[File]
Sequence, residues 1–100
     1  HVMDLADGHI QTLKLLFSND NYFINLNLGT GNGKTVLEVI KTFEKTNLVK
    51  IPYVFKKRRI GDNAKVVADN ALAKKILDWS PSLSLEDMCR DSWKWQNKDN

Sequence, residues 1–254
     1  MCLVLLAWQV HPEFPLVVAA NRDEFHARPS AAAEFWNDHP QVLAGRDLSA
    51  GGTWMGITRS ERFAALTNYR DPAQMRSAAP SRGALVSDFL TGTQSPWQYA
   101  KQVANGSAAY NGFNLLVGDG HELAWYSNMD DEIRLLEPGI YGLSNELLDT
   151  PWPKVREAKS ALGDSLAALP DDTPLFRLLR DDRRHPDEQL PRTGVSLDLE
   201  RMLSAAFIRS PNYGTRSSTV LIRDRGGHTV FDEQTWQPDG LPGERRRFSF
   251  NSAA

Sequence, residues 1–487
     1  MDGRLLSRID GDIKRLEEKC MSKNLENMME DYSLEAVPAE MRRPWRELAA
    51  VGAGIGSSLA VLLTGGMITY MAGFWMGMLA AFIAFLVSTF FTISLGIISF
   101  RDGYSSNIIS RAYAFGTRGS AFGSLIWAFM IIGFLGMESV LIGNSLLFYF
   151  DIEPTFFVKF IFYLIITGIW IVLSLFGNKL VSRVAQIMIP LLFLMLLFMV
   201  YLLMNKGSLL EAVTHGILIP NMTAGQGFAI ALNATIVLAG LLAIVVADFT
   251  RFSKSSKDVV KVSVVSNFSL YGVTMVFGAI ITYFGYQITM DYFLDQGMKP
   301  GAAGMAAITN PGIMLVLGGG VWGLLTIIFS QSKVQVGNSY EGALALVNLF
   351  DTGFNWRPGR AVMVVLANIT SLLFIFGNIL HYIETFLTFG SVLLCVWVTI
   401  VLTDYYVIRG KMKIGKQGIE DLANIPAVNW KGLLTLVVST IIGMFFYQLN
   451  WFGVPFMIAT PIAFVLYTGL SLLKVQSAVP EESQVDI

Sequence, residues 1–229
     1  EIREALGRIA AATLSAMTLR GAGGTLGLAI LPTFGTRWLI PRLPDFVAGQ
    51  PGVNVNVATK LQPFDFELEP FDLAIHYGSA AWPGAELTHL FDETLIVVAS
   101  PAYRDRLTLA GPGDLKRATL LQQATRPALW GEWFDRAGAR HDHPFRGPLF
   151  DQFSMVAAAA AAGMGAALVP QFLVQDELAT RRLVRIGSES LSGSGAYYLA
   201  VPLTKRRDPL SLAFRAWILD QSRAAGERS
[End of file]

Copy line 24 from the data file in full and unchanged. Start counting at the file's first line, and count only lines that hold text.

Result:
    51  PGVNVNVATK LQPFDFELEP FDLAIHYGSA AWPGAELTHL FDETLIVVAS